Your Call: What can we learn from the next generation of environmental activists?
On the October 15th, 2014 edition of Your Call, we'll have a conversation with three winners of this year's David Brower Youth Awards, which recognize young people for their achievements in the fields of environmental and social justice advocacy. Today's youth have grown up under an environmental crisis, so where are they finding hope and solutions? What are the issues driving young activists today, and what can we learn from them? It's Your Call, with Rose Aguilar and you.
Tiffany Carey from Detroit, Michigan, who worked to engage youth in solutions-based, citizen-science projects. During the course of three years, she organized high school biology students to place homemade pollen collectors in vacant lots, parks, and other areas in the community to measure the levels of ragweed pollen, which is notorious for causing allergic reactions and asthma
Sean Russell from North Point, Florida, who launched an educational campaign on marine debris and created the Youth Ocean Conservation Summit to provide young people with the skills needed to launch their own conservation projects
Lynnea Shuck from Fremont, California, who created a program to educate youth about the critical role wildlife refuges play in protecting threatened and endangered species.Through a series of labs, habitat hikes, and birding expeditions, the Junior Refuge Ranger Program at the Don Edwards San Francisco Bay National Wildlife Refuge teaches children ages 8 to 11 important lessons about conservation, endangered species protection, habitat restoration, and environmental awareness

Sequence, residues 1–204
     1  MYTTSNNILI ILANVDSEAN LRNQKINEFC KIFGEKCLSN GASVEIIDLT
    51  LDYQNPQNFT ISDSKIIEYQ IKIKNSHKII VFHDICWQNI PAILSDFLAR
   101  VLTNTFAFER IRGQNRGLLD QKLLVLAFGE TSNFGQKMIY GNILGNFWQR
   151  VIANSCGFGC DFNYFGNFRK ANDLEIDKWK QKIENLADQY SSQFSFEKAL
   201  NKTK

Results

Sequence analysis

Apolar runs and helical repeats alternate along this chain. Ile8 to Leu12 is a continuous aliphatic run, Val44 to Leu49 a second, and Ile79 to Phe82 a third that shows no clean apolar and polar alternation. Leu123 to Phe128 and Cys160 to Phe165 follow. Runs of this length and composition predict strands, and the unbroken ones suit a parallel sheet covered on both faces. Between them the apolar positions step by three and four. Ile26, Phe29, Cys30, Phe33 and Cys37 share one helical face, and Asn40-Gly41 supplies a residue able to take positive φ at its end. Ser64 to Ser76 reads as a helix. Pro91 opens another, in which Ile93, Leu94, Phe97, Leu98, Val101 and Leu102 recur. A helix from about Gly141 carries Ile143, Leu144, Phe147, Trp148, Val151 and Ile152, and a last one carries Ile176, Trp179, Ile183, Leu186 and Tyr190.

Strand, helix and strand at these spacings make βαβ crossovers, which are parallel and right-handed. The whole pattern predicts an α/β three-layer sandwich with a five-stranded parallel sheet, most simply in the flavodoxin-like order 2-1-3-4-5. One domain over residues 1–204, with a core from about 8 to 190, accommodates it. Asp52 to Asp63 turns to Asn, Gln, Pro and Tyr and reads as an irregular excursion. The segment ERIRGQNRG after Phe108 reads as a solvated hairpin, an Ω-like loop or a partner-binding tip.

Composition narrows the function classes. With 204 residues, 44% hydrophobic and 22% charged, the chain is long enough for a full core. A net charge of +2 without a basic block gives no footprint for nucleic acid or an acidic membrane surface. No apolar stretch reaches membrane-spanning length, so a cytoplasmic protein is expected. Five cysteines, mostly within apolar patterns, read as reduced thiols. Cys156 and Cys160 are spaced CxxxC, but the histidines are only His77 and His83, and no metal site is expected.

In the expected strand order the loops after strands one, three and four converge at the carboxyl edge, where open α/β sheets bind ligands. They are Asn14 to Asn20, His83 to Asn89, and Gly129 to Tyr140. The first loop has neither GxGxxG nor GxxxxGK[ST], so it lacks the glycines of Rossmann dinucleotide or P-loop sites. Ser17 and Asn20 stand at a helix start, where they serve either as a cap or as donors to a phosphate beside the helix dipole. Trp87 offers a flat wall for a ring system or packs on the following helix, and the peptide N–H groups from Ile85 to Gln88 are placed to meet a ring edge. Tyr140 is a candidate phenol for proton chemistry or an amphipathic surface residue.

Along with 3 other winners, they will be publicly acknowledged at the 15th Annual Brower Youth Awards on Tuesday, October 21 in San Francisco with a ticketed opening reception at Davies Symphony Hall’s Wattis Room, followed by a free public awards ceremony at the historic Nourse Theater starting at 7:30pm.
Attend the 2014 Awards: Tickes and Location
University of Michigan News: Controlling ragweed pollen in Detroit: A no-mow solution for Motown?